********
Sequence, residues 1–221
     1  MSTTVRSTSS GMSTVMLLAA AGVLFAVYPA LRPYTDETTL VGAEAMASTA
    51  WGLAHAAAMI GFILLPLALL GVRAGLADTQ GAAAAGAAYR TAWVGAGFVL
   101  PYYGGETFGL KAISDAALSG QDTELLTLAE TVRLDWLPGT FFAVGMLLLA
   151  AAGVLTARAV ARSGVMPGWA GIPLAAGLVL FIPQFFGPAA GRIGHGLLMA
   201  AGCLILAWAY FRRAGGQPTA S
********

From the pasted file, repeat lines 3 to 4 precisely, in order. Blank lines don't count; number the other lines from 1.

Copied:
    51  WGLAHAAAMI GFILLPLALL GVRAGLADTQ GAAAAGAAYR TAWVGAGFVL
   101  PYYGGETFGL KAISDAALSG QDTELLTLAE TVRLDWLPGT FFAVGMLLLA